- Score: 666.5
- Mean: 710.6
- Median: 712.0
- HoF100: 73
- Percentile: 39.43
- Ahead of: 27 of 65 (41.5%)
The Case For: In an 18-year career, Pettitte never had a truly bad season. In those 18 seasons he never once posted a FIP worse than league average, and had an ERA worse than it in just a single campaign. He averaged 184 IP per season for his career, and that volume coupling with his always-better-than-average performance allowed Pettitte to accumulate significant lifetime totals. A WAR line of 60.6/68.2/61.6 ranks him anywhere between 32nd and 73rd among all pitchers in MLB history, depending on the formula being used (for what it’s worth, he’s 54th by my Score). These totals are what buoy Pettitte’s Hall of Fame case. Let’s focus for a minute on just the fWAR, the calculation that places him 32nd. His 68.2 total would place him 24th among Hall of Fame pitchers, which suggests his spot is obvious (it’s not, but I’m not on that section yet). Of course, what comes to mind with Pettitte’s career is not his high fWAR total, but the place he held on 5 World Series winning Yankees teams. In total he pitched in the postseason in 14 different seasons, notching an all-time record 276.2 IP in the playoffs, and producing a pretty good 3.81 ERA in those innings. This incredible amount of time led to Pettitte’s name littering the all-time postseason leaderboards, as he also has the sixth most games of any pitcher (44), the third most K (183), and most wins (19). While none of that is particularly meaningful, it’s worth noting the legacy Pettitte left as a postseason pitcher, and did all contribute to a very meaningful number. With 3.5 WPA in the postseason, Pettitte ranks fourth among all pitchers. The mixture of high career totals and a huge amount of solid postseason work paint a strong Cooperstown case for Pettitte.
The Case Against: Pettitte has a pretty good case based on his career totals and postseason efforts. Yet his case clearly isn’t open-and-shut; if it were this article would only be about Lee. Let’s compare Lee and Pettitte for a minute. The case for the former came in the form of a 6-year super peak. Looking at 7-year peaks, a JAWS inspired number, Pettitte posted a combined bWAR and fWAR of 69.8 (1499 IP), to Lee’s 81.4 (1535.2 IP). Lee’s slight innings advantage could make a bit of a difference here, so using the average of bWAR and fWAR, let’s convert this into WAR/IP. We find that Pettitte produced 0.0233 WAR/IP in his best seven seasons, while Lee had 0.0265. This is a significant difference, and through 15 public ballots so far, Lee has received zero votes. In fact:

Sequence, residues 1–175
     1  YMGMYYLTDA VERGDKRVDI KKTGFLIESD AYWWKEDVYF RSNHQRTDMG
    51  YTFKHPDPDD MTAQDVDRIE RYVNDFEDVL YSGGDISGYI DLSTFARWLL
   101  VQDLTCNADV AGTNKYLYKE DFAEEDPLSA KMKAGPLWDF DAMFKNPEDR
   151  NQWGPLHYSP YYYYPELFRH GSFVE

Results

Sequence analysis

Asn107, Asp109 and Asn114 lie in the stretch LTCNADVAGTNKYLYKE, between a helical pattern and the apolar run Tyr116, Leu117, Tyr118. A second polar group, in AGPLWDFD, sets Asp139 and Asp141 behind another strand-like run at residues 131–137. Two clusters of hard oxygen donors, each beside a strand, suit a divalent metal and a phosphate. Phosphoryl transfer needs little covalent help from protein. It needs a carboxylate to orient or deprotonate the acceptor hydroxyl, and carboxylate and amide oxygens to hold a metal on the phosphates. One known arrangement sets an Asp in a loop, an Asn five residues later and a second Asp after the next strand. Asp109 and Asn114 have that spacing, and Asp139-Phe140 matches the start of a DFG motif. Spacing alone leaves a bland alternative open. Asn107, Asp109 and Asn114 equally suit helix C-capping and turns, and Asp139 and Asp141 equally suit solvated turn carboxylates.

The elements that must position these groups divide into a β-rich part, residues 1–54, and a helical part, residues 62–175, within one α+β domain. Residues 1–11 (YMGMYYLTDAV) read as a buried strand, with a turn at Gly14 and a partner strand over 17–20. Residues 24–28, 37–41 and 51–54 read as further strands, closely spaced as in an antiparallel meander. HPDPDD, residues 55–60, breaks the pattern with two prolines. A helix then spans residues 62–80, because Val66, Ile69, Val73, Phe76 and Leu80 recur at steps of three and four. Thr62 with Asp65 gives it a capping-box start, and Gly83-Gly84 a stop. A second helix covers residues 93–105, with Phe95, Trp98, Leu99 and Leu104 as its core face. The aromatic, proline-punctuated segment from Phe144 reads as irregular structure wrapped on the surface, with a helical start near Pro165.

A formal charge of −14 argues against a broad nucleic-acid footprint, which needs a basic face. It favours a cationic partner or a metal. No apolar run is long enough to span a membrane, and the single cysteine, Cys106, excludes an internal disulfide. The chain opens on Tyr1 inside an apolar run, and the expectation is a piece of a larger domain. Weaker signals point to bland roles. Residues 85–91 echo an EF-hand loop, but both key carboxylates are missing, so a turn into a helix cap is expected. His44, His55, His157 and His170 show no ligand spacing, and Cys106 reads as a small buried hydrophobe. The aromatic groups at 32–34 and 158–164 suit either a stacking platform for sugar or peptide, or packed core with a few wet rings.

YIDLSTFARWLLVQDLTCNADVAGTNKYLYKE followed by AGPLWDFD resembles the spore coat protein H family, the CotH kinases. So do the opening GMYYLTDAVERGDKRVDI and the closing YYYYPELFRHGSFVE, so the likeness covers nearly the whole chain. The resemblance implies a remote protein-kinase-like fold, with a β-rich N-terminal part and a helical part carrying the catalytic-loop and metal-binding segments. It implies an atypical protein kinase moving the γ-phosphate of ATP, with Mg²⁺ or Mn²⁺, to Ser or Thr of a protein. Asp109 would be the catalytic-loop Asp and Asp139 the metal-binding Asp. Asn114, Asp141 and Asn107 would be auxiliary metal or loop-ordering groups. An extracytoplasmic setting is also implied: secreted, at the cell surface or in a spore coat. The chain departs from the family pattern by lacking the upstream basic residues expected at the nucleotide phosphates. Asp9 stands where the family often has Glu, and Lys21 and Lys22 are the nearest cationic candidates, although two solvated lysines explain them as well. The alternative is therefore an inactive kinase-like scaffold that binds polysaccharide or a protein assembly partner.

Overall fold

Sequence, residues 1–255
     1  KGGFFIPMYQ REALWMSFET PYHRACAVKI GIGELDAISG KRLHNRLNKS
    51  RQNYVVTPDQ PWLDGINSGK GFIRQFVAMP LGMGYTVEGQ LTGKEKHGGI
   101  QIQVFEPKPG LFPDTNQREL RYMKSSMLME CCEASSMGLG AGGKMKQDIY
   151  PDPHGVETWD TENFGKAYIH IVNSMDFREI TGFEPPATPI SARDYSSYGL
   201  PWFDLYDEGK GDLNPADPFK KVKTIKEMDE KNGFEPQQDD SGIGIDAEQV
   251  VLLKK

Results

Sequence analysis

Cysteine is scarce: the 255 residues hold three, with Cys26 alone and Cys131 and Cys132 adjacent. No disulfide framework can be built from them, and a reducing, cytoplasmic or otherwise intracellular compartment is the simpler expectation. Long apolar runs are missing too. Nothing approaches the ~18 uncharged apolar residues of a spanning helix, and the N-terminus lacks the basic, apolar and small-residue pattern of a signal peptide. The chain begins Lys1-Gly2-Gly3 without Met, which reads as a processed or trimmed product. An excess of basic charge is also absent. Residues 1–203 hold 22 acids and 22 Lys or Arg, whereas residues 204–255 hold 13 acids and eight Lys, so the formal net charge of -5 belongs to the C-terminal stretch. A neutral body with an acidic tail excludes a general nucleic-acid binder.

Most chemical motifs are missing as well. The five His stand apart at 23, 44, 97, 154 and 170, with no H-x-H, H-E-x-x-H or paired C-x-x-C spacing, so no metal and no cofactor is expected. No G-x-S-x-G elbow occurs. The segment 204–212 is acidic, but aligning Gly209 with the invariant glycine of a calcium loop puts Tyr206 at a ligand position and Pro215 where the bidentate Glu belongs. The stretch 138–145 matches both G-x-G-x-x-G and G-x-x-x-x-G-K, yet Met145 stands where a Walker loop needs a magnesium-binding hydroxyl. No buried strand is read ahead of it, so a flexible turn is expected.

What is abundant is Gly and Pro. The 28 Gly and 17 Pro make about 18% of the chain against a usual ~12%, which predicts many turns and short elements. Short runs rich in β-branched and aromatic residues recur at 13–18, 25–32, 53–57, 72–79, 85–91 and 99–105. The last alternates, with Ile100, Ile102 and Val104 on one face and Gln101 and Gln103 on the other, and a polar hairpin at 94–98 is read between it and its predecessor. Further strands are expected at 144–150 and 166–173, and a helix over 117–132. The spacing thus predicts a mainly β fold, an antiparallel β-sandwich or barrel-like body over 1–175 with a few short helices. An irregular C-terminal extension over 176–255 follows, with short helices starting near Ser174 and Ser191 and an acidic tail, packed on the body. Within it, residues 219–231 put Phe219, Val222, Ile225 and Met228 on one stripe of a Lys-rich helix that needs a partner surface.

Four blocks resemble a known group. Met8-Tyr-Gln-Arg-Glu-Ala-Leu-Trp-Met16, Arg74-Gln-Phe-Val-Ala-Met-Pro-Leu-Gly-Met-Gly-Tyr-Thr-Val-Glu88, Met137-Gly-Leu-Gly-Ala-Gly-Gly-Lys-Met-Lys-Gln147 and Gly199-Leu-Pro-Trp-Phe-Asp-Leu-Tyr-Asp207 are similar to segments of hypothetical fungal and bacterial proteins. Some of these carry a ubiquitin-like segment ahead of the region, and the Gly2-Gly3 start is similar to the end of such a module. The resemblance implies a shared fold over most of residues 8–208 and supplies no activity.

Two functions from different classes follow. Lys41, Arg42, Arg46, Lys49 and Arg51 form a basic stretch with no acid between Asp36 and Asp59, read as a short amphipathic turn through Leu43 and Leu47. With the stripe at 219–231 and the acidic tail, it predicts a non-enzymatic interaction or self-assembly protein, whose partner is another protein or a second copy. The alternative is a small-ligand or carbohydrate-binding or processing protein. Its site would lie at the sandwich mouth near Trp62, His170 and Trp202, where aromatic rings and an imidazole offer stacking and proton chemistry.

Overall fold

All of the pitchers on this table, save for Hernández, Lee, and Pettitte, went one-and-done on the ballot (and, yes, I know Brown had PED reasons). Lee looks to be doing so this year, and I believe it’s a safe bet that Hernández will as well. Pettitte ranks dead last among them in peak WAR and WAR/IP. This is the case against Pettitte—his peak was not an impressive one. He was a 5-win player five times by fWAR and only three by bWAR. To voters who are strongly against the concept of compiling, Pettitte must be the quintessential compiler. He was good for a long time but rarely great, and that long time was enough to add up to impressive totals. Also, I would be amiss to not mention that Pettitte had PED suspicions in his career, and admitted to using them to recover from injury but nothing else. This claim is widely accepted by fans, and the use came prior to MLB’s drug-testing era.
My Verdict: I’m sold on Pettitte’s consistency. The key for me was the literally never being below average in FIP. Sure, Pettitte was raraely a true ace, but he was a solid to very good pitcher for so many years. I don’t really care if it was compiling (which I don’t consider it to be, as 3316 IP isn’t an outrageous total). Pettitte was a 3-win player by fWAR in 16 different seasons. Also the HoF100 of 73 is so close to the bucket that makes a player nearly an automatic Hall of Famer. Add in the storied legacy Pettitte left on the postseason record books—even though some of the records are largely a product of opportunity and/or not really reflective of his performance—and Pettitte is a less stressful “yes” for me. I also believe his statement about not using PEDs for anything but better recovery from injury, and would not hold this against him the same way I would with the other PED users on the ballot.
I’ll reveal right now that neither Cliff Lee nor Andy Pettitte will be on my ballot. I said in this article that in a voting dichotomy I would say “yes” to both of these two. Yet, I do question both of these decisions, and lack confidence in them. Hopefully they both stick around on the ballot until it’s less crowded, so they can be in the ten best candidates up for election. Pettitte certainly will, but I fear Lee won’t. Either way, both of these excellent pitchers deserve far more consideration than the voting results will indicate.